Learning Technology

Five minutes with … Clyde Davies

July 1st, 2015 at 08:07

What three words describe you?

Inquisitive, scientific, and impish.

What’s your job role?

I’m the Learning Systems Analyst.  I go out into the business and talk to people about how we can better make our learning systems fit their needs.  Then I take my findings and turn them into something we can deliver against.

Increasingly, I’ve found myself supporting projects outside LRLR, such as the MACCS replacement in the Medical School, and the Book Suggestions process for the Library.  I’m one of those odd techies who can not only code but actually talk to people to find out what they want.  I ask a lot of questions, sometimes very obvious ones.

Tell us something ‘unusual’ about yourself

I used to keep bees as a hobby.  After a couple of disastrous years I gave up but am looking to start again.  Perhaps the Estates Division will let me keep a couple of hives around the back of KMC?

What excites you most about learning technology?

I’ve been here just a year. My last stint working at the University was back in 1991.  Since then the way that technology has transformed teaching is incredible.  Platforms like Moodle have both enabled better teaching and helped to raise the bar.

Also, I sat through some appalling lectures both as an undergraduate and postgraduate, but now a well-delivered lecture, captured and presented on Moodle, is something for the University to take pride in.

Your top tip(s)?

Network, network, network!

Build good relationships with your colleagues and the other people you come into contact with, however fleetingly.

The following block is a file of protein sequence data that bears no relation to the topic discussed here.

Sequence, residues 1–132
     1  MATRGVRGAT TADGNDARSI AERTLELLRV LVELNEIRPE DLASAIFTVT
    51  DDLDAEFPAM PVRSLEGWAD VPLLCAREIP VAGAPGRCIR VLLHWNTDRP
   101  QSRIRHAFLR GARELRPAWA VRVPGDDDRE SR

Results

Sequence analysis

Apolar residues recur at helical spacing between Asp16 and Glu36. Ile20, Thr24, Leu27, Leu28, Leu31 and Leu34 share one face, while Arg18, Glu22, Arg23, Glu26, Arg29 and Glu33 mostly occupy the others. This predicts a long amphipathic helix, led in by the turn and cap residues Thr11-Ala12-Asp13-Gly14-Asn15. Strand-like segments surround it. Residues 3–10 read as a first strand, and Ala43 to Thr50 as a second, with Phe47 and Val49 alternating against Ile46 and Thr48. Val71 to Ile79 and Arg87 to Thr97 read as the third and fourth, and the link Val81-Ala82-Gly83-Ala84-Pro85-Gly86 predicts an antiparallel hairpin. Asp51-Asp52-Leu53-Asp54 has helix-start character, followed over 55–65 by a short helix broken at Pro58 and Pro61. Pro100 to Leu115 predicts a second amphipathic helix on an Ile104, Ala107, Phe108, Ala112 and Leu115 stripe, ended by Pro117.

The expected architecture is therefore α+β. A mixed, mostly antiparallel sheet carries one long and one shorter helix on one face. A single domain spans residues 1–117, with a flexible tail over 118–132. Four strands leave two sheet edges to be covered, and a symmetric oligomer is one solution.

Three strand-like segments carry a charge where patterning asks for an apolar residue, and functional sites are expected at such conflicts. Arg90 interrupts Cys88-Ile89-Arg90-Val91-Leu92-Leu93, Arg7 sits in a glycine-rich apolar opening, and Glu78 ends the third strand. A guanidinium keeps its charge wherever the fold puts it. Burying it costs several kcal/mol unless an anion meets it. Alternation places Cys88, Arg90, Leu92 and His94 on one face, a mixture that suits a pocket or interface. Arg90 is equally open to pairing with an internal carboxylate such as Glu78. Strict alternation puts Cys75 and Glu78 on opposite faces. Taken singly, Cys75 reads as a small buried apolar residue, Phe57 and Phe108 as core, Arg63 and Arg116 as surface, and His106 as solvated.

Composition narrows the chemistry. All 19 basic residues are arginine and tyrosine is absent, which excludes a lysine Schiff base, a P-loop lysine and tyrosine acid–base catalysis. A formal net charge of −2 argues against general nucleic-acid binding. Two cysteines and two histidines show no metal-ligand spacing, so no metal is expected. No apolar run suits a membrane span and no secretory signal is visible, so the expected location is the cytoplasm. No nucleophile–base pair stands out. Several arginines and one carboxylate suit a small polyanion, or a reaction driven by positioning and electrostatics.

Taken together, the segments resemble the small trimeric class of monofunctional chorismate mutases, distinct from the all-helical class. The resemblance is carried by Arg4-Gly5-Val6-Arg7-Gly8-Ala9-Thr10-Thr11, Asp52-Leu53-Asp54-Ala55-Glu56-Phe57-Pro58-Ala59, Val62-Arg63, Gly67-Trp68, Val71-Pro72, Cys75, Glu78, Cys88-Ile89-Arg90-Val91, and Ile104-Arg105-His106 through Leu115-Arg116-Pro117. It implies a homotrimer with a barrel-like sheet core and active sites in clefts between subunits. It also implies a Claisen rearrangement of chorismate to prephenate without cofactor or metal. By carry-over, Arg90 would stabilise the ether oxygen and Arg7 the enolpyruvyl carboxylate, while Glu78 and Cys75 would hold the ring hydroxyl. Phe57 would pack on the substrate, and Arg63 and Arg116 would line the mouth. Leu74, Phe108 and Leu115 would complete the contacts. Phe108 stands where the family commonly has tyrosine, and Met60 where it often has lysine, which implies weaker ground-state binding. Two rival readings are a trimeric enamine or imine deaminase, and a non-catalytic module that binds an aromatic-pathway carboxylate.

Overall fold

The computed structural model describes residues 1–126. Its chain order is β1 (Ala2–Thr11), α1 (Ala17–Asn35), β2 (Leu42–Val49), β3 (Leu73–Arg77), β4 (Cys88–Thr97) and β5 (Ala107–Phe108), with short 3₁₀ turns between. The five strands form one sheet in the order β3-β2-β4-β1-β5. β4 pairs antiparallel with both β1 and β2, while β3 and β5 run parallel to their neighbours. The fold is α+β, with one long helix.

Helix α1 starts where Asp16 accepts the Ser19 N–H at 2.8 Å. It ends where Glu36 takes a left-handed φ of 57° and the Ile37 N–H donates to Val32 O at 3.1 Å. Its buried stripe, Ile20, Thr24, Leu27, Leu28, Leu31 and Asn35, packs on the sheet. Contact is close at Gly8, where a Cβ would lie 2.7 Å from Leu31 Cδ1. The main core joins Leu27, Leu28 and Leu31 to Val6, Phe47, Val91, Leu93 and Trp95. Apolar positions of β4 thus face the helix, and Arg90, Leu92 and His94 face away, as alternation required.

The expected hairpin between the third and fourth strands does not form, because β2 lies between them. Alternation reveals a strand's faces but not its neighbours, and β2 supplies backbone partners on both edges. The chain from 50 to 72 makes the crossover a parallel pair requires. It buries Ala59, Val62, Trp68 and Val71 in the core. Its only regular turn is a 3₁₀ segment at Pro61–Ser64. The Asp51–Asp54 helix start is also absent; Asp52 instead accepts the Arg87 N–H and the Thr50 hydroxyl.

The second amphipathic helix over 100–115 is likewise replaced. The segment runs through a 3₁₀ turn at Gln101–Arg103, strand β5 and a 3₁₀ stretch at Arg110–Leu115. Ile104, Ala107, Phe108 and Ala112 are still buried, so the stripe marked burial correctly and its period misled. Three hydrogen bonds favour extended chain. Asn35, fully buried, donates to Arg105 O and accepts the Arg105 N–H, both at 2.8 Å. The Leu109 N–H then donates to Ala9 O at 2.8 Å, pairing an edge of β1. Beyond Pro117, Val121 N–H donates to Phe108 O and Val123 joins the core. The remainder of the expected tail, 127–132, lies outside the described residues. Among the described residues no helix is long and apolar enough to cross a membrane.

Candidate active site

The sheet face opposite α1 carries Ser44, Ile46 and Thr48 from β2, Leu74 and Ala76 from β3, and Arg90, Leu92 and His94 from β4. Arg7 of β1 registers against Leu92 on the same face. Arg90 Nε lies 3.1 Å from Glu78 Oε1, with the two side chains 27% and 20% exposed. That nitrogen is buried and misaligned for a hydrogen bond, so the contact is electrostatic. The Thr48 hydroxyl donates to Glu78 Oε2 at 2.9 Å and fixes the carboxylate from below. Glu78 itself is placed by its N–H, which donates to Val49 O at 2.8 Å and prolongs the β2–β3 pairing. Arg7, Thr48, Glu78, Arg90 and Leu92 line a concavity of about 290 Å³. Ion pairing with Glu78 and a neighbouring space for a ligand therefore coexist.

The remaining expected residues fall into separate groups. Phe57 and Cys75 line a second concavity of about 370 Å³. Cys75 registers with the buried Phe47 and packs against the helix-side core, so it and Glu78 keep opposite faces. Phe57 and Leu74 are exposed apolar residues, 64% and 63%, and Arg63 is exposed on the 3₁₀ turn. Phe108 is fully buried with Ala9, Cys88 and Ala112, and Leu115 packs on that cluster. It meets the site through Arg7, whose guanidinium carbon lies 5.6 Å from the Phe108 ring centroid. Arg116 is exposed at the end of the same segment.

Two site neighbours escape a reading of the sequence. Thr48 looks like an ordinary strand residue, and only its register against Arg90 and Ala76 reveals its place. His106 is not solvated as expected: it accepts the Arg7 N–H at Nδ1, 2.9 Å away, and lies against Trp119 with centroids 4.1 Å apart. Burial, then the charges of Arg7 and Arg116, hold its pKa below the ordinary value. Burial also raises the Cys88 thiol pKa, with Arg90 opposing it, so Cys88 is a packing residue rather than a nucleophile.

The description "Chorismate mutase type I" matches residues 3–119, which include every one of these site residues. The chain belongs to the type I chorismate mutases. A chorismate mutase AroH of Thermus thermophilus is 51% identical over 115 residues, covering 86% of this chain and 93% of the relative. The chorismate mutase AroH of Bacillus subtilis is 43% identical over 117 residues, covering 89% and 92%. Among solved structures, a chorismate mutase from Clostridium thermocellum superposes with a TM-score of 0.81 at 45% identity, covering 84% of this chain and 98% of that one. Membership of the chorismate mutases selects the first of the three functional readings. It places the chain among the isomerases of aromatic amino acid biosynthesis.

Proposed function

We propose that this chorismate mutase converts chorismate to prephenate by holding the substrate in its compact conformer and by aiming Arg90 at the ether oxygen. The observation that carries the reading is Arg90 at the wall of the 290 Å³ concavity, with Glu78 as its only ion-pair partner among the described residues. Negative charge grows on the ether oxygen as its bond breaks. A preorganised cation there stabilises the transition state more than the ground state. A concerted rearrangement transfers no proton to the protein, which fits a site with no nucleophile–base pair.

Don’t be afraid to volunteer your time and expertise, no matter how busy you are.

What goes around, comes around.

What do you think will be the most important thing in learning technology at the University of  Nottingham in 2015/16?

From my own point of view, it’s how e-Assessment evolves to take into account our future needs.  There’s a big exercise going on at the moment to find out exactly what e-Assessment means to the University.  My own focus is going to be on summative assessment, especially within Rogō.  Rogō is a remarkable achievement and one which demands that if we build upon it further, we do so solidly and strategically.

What have you learned recently?

I dusted off my programming skills and learned to program Web applications.  I have donkeys’ years of experience in writing software using C# and Visual Basic.NET but up to now had managed to treat Web development as an ‘area of strategic incompetence’.  That is, I was quite happy for someone else to do it.  I was quite surprised to learn how good it was.

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